Can my husband get full custody of his daughter? 5 Answers as of February 27, 2011

My husband has a daughter who is 10 years old. His ex wife gets $800 in child support every month. She doesn't have a job and doesn't have any steady income. She currently lives with her mother and step father, as well as her boyfriend and my husband's daughter. She filed for bankruptcy 2 years ago and I don't think that she spends her money responsibly. Would she be able to ever get more money given to her for child support? Would these factors be enough for my husband to get full custody of his daughter?

Ask a Local Attorney. 100% Anonymous. Free Answers.

Free Case Evaluation by a Local Lawyer: Click here
Law Office of Curry & Westgate
Law Office of Curry & Westgate | Patrick Curry
No money issues usually do not impress the court to change custody. Your husband needs more.
Answer Applies to: California
Replied: 2/27/2011
Warner Center Law Offices of Donald F. Conviser
Warner Center Law Offices of Donald F. Conviser | Donald F. Conviser
Child support is based on dad's income, mom's income, and the parties' timeshare of the child. If dad makes more money, he may end up having to pay more child support. He could file a Motion for a Vocational Evaluation of mom, but he would likely have to pay the expert witness fees for the Vocational Evaluator. The purpose of the Vocational Evaluation would be to get evidence to persuade the Court to impute income to mom, i.e., to treat mom as though she was earning money. The evaluator would interview mom, investigate her education, training and work experience, put her through some tests, contact collateral sources if appropriate, and perform a labor market survey, to enable the evaluator to write a report and testify as to what mom could earn now from available sources and/or what training mom would need and what she could earn and when, to assist the Court in evaluating the support issues. The factors addressed in your question relate to support, not custody. Custody is based on the quality of the relationship of each party with the child. If dad feels that he is the better parent, he can file a Motion for a Child Custody Evaluation, again likely at his sole cost. If the Court orders a Child Custody Evaluation, the parties would need to select the psychologist/psychiatrist/LCSW to perform the evaluation. The issues would best be handled by an experienced Family Law Attorney, so it is recommended that you retain an experienced Family Law Attorney to represent you in the litigation.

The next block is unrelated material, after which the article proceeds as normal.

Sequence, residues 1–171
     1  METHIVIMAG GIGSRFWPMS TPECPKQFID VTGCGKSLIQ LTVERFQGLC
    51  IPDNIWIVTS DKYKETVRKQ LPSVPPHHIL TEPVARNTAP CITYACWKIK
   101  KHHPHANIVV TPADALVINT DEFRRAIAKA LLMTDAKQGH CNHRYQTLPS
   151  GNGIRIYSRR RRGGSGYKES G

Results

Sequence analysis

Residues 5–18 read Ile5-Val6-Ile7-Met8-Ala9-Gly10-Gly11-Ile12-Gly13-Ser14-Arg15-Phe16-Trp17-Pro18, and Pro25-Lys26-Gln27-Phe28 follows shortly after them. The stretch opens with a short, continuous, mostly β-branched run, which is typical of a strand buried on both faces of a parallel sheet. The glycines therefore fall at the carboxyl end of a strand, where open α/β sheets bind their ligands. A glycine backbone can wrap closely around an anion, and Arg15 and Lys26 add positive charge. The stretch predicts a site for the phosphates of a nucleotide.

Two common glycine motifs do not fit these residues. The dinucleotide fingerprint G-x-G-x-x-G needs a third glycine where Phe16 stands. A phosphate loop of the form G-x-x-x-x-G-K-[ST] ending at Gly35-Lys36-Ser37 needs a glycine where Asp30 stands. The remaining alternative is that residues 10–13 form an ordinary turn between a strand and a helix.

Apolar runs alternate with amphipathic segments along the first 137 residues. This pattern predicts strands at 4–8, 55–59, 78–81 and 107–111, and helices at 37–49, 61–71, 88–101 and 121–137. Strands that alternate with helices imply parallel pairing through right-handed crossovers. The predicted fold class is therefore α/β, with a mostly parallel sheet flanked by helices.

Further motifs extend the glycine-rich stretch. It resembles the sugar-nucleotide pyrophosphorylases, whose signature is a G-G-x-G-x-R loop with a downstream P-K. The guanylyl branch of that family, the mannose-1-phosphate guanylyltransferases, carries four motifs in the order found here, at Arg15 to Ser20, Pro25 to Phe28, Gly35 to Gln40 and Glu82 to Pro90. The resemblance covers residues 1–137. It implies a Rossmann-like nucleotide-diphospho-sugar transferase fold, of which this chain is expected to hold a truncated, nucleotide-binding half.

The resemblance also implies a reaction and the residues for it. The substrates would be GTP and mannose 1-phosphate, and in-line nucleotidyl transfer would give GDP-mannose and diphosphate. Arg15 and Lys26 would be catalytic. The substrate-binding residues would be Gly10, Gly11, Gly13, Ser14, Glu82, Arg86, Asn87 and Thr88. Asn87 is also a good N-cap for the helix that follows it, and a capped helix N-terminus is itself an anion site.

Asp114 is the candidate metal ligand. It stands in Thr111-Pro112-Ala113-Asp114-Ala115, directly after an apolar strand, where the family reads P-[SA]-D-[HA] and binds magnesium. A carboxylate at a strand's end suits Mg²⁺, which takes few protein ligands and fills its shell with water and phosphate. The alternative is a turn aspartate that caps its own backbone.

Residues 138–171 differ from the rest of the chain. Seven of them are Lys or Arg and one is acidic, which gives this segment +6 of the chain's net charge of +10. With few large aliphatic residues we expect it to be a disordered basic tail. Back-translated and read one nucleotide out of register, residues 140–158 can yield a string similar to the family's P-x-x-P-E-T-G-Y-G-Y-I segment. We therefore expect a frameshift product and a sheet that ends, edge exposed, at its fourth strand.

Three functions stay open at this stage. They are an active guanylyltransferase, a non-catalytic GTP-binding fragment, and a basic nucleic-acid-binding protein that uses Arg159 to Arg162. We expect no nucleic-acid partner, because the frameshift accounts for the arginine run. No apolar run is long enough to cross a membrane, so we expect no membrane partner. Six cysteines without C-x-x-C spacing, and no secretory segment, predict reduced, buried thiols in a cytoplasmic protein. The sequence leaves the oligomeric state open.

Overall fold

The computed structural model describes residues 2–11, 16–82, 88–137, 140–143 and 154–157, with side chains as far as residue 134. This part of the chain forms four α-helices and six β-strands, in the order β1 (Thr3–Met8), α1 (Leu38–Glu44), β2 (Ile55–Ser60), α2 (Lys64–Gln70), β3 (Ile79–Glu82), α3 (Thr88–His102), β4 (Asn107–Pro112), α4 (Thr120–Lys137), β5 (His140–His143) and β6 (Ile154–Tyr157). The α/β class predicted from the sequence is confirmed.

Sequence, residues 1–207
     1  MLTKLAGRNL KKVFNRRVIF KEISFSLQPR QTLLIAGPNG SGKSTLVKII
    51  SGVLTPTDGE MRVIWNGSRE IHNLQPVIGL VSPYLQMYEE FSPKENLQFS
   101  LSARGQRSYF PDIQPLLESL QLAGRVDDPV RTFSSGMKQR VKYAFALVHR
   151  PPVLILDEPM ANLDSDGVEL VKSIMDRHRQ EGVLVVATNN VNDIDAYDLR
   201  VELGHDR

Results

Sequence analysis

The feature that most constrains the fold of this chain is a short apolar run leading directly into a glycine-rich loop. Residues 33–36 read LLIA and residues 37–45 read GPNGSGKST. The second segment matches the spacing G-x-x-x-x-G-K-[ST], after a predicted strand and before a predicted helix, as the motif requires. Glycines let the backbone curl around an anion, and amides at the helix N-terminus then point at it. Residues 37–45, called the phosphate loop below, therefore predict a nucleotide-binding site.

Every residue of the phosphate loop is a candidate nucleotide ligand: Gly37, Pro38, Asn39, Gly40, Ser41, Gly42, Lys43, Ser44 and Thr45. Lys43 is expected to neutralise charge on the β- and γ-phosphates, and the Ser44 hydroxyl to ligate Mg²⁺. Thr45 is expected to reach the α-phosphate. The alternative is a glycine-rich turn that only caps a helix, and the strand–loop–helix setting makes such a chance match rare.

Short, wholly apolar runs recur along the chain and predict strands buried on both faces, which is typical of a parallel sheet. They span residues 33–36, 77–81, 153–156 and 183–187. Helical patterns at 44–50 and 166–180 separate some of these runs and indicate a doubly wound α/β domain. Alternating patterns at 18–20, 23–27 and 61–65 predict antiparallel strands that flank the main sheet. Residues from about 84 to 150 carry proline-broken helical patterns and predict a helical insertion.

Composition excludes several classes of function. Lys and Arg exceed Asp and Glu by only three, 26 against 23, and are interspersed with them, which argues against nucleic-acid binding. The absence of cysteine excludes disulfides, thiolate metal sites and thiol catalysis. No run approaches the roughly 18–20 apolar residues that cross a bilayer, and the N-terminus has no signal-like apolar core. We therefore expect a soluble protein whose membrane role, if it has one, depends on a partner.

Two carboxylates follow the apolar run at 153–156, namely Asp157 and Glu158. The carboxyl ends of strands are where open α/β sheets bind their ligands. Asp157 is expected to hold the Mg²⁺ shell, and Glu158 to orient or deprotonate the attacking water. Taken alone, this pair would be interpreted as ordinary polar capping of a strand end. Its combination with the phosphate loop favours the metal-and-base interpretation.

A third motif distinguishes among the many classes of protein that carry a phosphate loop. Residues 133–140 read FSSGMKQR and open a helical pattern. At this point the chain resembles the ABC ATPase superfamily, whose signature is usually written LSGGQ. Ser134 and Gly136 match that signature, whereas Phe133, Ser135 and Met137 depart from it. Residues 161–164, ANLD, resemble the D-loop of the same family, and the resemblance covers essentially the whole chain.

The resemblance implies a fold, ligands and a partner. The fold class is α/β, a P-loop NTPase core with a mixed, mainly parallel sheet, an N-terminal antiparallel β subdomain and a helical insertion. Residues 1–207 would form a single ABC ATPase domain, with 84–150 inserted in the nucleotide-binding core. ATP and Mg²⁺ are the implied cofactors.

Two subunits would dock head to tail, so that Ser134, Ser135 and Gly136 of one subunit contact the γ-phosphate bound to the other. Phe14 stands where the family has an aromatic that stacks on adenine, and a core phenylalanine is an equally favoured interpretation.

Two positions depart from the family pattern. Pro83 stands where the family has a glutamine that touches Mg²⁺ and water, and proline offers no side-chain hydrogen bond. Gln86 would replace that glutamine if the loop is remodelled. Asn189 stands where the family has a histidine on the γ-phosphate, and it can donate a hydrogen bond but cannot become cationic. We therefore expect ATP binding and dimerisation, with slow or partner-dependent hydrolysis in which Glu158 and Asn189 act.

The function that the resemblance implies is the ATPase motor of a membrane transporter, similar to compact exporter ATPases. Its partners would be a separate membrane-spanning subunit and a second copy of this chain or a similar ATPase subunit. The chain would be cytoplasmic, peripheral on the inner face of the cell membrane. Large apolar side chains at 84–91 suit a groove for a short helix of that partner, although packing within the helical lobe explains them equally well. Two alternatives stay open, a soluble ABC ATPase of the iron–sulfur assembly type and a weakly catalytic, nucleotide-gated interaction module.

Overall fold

Answer Applies to: California
Replied: 2/27/2011
Law Office of L. Paul Zahn
Law Office of L. Paul Zahn | Paul Zahn
If Mom is unable to care for her daughter, then that may be grounds for a change of custody. Your husband's feeling that she doesn't manage money well, however, is not in and of itself sufficient for a change of custody. If your husband is looking for legal assistance in this matter, please have him contact me for a free consultation.
Answer Applies to: California
Replied: 2/27/2011
Goldberg Jones
Goldberg Jones | Zephyr Hill
Financial issues rarely if ever give grounds to modify custody. You will need much better proof re the child's best interests to gain custody. As to the child support, that is dictated by a formula. So the answer is yes, mom might be able to increase support or conversely, dad might be able to reduce child support. He should consult an attorney ASAP to determine his chances and file a motion requesting more time with the child.
Answer Applies to: California
Replied: 2/27/2011
Diefer Law Group, P.C.
Diefer Law Group, P.C. | Abel Fernandez
You really cannot file for a change of custody due to finances. Now, if she is sleeping in cars, then clearly that would not be in the child's best interest. But for the most part, the court will not consider standard of living in custody matters. If so, then people with more money could always provide a better life style and thus poorer parents would be prejudiced. However, at some point, living conditions could be detrimental to a child. I don't know if she could ask for more child support. Child support is tied to custody and income of the parties. So, if something has changed since the original order support can change.
Answer Applies to: California
Replied: 2/27/2011
Click to View More Answers: